Toray Develops Bio-Based Adipic Acid
Tokyo, Japan, August 24, 2022-Toray Industries, Inc. has developed 100% bio-based adipic acid, a raw material for nylon 6,6 (polyamide 66), from sugars derived from inedible biomass. This achievement came from using a proprietary synthesis technique combining the company’s microbial fermentation technology and chemical purification technology that harnesses separation membranes.
The company has started to scale up its capabilities in this area. It will test polymerization of nylon 6,6, develop production technology, conduct market research, and take steps to commercialize applications for this bio-based adipic acid by around 2030.
Nylon 6,6 has been used for many years in fibers, resins, and other applications due to its exceptionally durable, strong, and rigid properties. Pressures to develop eco-friendly nylon 6,6 have risen in recent years amid a growing awareness of the need to realize a sustainable society. One challenge is that conventional chemical synthesis for producing adipic acid, the raw material of nylon 6,6, generates a greenhouse gas called dinitrogen monoxide.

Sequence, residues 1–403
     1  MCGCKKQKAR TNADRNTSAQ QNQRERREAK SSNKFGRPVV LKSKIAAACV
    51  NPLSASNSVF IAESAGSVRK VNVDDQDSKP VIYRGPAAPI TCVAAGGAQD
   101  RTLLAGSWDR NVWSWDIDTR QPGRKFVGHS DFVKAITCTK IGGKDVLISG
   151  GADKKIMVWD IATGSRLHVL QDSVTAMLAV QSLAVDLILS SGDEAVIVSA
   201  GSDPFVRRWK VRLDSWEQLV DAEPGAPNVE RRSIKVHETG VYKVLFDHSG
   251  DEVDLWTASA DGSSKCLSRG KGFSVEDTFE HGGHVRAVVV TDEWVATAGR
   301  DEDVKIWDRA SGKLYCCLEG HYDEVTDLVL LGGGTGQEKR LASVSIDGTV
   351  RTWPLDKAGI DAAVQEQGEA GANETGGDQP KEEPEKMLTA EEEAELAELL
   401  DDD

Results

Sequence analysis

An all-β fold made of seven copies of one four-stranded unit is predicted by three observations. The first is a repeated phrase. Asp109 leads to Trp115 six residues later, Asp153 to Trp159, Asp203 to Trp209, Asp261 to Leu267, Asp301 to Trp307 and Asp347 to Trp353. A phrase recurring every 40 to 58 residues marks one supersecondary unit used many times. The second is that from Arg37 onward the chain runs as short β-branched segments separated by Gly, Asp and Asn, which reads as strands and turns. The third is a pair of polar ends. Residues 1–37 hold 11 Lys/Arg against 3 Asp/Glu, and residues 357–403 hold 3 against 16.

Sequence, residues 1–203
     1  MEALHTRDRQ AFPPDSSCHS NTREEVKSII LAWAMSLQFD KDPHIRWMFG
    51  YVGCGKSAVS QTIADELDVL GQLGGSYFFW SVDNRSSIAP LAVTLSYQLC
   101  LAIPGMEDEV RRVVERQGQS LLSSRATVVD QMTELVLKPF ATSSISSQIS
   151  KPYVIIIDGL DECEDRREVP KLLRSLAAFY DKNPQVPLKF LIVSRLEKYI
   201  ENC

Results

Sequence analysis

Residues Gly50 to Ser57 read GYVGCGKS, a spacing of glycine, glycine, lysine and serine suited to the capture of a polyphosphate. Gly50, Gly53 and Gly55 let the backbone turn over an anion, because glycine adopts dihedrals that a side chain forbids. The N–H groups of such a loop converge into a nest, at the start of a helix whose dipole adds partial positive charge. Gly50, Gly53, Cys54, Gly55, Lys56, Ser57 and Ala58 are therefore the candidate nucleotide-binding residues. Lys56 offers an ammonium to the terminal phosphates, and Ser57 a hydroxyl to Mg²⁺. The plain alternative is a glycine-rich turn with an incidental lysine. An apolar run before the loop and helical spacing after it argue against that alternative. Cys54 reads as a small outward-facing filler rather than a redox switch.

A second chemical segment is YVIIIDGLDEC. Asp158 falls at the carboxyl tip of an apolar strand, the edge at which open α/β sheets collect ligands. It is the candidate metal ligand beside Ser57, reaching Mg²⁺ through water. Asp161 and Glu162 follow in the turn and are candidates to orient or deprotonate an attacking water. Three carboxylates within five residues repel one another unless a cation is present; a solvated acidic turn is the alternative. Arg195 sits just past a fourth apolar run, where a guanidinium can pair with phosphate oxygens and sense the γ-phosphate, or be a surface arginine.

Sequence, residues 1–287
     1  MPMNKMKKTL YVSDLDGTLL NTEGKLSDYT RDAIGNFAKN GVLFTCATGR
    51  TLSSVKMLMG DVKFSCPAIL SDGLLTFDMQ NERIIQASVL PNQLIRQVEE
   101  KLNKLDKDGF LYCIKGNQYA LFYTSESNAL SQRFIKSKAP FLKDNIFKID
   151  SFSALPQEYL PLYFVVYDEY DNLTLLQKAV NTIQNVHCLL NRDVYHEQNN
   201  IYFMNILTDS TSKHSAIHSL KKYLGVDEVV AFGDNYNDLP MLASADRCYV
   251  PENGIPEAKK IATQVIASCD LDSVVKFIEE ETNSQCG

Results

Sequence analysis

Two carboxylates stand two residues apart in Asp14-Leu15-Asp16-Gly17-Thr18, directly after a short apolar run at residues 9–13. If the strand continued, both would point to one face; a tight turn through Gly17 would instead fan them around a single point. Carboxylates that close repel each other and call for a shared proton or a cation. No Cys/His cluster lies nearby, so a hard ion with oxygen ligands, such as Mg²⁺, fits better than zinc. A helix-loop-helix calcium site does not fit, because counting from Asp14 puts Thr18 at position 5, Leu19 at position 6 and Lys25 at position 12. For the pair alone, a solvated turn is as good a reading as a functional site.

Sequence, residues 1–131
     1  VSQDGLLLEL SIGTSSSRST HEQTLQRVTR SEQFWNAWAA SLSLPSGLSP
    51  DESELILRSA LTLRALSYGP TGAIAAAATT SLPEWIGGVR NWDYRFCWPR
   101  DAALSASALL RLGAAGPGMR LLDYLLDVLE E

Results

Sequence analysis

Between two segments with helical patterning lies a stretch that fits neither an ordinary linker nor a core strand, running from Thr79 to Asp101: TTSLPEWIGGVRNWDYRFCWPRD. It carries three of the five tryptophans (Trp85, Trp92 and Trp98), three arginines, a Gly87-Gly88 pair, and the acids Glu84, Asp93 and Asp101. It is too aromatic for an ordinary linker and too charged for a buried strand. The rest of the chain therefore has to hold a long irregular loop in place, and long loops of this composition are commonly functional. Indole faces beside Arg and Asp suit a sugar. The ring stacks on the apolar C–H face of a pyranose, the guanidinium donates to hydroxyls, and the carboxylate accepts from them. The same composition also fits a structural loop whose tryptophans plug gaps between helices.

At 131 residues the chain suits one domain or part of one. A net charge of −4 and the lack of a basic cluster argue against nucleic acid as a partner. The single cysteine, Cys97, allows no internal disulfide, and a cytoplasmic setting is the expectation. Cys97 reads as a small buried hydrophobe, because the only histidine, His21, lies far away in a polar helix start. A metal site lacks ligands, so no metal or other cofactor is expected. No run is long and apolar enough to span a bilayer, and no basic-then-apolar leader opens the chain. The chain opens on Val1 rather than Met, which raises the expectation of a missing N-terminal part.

Toray discovered microorganisms that produce an adipic acid intermediate from sugars. The company reconfigured metabolic pathways within microorganisms to enhance production efficiency by applying genetic engineering technology, which artificially recombines genes to streamline synthesis in microorganisms. It also employed bioinformatics technologies to design optimal microbial fermentation pathways for synthesis. Quantity of the intermediate synthesized by microorganisms has increased more than 1,000-fold since the initial discovery, and the efficiency of synthesis has improved dramatically.
Toray is using reverse osmosis separation membranes to concentrate the intermediate in the purification process. This approach is more energy efficient than other methods that do not use these membranes.
This bio-adipic acid production technique is free of dinitrogen monoxide emissions, unlike the manufacturing processes for petroleum-derived adipic acid.